Furthermore, the Constitution is the organic law of the country from which other laws derives their validity; it is therefore, in the realm of substantive law and not procedural law. See the cases of FRN v Osahon (2006) 5 NWLR (Pt. 973) 361 and F.C.D.A. v Ezinkwo (2007) ALL FWLR (Pt. 393) 95 at 115, paras. C – D.
Therefore, infusing procedural issues into the Constitution is not necessary, as it makes the Constitution too clumsy and bulky to comprehend.
(5) Issues causing delay in justice delivery such as interlocutory appeals have not been addressed
The proposed amendments did not address the issue of unnecessary interlocutory appeals, which stall the progress of a case at the trial court. This usually happens when, at the slightest unfavourable interlocutory ruling, a party exercises a right of appeal and causes the appeal to be entered at the Appellate Court, with the attendant effect that the case before the trial court is adjourned indefinitely to abide the outcome of the appeal. This leads to the rather disturbing trend that a case may end up staying in the courts for ten years, only to be returned to the trial court for determination as lamented by per Uwais, CJN (as he then was) in the case of Amadi v N.N.P.C. (2000) 10 NWLR (Pt. 674) 76 to the effect that:
“With the success of the Plaintiff’s appeal before us, the case is to be sent back to the High Court to be determined, hopefully, on its merits after a delay of 13 years. Surely, this could have been avoided had it been that the point was taken in the course of proceedings in the substantive claim to enable any aggrieved party to appeal on both the issue of jurisdiction and the judgement on merit in the proceedings, as the case might be”.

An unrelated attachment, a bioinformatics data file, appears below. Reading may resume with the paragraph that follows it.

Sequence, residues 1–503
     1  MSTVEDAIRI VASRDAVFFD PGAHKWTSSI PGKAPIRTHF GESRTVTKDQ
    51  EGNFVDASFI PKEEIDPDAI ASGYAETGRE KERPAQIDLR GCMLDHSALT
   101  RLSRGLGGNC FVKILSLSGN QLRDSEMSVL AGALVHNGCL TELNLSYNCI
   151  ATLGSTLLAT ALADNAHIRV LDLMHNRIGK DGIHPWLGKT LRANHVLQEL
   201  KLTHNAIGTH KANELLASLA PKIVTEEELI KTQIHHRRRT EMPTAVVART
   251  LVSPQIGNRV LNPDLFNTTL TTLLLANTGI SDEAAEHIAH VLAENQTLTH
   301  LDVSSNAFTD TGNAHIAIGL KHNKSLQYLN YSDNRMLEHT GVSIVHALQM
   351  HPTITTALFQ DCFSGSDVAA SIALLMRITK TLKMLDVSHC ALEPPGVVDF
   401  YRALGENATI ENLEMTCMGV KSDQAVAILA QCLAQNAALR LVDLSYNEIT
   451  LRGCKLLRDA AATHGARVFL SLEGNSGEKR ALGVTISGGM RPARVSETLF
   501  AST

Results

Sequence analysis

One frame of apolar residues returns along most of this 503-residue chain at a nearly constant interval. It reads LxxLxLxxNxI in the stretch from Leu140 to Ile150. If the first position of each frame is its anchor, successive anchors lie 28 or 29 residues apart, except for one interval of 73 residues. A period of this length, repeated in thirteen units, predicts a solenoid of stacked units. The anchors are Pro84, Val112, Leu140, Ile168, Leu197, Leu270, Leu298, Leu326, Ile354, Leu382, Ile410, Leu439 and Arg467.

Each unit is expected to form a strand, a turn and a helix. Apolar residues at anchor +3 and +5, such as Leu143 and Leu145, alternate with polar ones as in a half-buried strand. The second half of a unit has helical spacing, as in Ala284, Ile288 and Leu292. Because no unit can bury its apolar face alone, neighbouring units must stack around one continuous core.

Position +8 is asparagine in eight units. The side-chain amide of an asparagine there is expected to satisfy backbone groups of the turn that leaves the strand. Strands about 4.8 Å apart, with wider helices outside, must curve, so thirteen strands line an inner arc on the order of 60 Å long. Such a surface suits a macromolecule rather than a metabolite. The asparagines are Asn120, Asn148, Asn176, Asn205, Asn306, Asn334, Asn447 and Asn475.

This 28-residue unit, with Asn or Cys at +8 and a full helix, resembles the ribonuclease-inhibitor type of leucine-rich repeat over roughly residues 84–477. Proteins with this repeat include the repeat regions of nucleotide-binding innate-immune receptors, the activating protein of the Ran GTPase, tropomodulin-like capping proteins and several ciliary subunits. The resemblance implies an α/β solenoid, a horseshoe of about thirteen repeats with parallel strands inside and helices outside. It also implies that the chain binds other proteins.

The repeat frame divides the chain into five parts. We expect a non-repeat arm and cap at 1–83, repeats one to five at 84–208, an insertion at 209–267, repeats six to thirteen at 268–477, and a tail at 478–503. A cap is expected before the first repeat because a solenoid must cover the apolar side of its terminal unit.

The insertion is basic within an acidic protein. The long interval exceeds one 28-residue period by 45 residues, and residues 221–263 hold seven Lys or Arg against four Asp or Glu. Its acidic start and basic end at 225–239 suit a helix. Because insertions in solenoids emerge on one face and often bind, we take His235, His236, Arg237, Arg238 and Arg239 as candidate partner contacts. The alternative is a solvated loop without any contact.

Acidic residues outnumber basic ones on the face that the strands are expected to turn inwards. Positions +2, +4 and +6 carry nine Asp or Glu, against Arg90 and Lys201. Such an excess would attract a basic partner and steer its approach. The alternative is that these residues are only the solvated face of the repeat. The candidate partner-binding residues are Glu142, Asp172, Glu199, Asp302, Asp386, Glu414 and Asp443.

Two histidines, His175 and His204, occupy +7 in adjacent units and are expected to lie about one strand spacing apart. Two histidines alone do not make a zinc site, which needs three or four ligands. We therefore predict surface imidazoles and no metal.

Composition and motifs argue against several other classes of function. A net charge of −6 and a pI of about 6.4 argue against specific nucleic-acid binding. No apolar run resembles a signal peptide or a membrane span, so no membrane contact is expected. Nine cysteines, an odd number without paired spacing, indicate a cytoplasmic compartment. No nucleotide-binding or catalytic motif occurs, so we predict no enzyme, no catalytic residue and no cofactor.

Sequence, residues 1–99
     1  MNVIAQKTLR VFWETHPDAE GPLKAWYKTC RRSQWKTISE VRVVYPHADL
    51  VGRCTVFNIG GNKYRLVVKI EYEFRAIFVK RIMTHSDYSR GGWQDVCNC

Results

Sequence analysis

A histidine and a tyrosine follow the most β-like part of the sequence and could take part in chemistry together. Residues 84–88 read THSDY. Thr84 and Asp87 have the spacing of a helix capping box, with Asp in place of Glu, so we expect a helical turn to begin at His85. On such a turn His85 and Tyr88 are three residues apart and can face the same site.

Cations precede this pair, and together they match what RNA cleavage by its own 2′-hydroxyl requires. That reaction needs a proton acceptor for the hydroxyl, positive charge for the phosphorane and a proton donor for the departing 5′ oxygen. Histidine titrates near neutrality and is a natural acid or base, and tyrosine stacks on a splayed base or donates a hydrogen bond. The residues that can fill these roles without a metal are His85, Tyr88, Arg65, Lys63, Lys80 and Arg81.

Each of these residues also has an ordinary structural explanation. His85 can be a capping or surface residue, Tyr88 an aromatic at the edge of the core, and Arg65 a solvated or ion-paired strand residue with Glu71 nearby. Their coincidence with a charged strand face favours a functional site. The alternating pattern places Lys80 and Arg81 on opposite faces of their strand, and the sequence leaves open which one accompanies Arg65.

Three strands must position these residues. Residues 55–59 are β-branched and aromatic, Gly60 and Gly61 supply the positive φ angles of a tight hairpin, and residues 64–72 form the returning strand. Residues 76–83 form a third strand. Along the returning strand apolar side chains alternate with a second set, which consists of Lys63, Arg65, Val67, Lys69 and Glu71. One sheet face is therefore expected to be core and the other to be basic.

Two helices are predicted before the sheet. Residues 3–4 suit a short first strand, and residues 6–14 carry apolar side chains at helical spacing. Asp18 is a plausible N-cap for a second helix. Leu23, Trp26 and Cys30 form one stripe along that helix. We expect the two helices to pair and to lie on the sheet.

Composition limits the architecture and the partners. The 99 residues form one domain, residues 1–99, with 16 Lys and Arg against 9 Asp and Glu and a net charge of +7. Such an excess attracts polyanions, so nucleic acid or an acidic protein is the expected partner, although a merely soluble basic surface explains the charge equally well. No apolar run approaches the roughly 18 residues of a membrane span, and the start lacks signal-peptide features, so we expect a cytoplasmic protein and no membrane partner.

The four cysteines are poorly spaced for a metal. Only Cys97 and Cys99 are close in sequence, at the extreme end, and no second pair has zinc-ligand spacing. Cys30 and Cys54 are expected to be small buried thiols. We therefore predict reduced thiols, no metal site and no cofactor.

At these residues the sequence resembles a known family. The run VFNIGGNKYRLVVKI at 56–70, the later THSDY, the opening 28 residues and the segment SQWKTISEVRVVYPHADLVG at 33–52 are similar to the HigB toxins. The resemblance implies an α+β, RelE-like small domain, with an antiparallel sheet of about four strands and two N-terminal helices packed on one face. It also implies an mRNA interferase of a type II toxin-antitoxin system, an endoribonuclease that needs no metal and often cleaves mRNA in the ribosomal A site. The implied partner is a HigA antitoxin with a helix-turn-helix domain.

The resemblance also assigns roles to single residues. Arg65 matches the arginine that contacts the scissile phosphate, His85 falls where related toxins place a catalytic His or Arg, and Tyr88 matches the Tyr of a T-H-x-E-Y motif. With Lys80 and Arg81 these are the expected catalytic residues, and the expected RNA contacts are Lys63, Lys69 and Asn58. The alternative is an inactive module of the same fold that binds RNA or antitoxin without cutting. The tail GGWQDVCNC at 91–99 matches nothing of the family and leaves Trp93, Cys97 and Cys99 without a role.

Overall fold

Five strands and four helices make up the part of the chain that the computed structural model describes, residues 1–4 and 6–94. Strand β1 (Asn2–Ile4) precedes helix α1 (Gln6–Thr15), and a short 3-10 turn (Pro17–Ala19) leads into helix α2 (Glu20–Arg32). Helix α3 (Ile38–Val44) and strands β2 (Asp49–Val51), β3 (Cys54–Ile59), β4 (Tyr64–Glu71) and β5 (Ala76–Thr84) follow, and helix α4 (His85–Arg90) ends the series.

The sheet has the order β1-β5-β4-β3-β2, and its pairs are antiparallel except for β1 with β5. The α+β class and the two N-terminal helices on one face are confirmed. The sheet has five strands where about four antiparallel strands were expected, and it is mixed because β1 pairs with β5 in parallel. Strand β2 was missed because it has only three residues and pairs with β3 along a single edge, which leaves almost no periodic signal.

Although it is observed that by the amendments proposed, appeals will be heard within 180 days of it being entered at the Court of Appeal of a State, but the opportunity for such appeals to be lodged can itself be a hindrance to the possibility of a hearing within 180 days, as the filing of many of such appeals will further burden the courts, with the attendant effect that it may not be able to surmount the pressure of the workload within the specified period.
It is therefore, safer to prescribe that such appeals be made to abide the final determination of the suit and determined together with any appeal arising therefrom, but again the amendments only focuses on the Supreme Court and Court of Appeal, whilst other Courts are left to their fate.
It is my view that a Constitution should not be an unduly wieldy document which is difficult to comprehend, or another encyclopaedia of amendments. In this regard, the proposed amendments to the Constitution as contained in the draft Bill, leave much to be desired. Amendments which will address all issues affecting the effectiveness of the Judiciary and be precise, as opposed to those which merely address the appellate process and will soon require further amendments, is preferred.
Kemi Pinheiro, SAN, FCIArb., Founding Partner, Pinheiro LP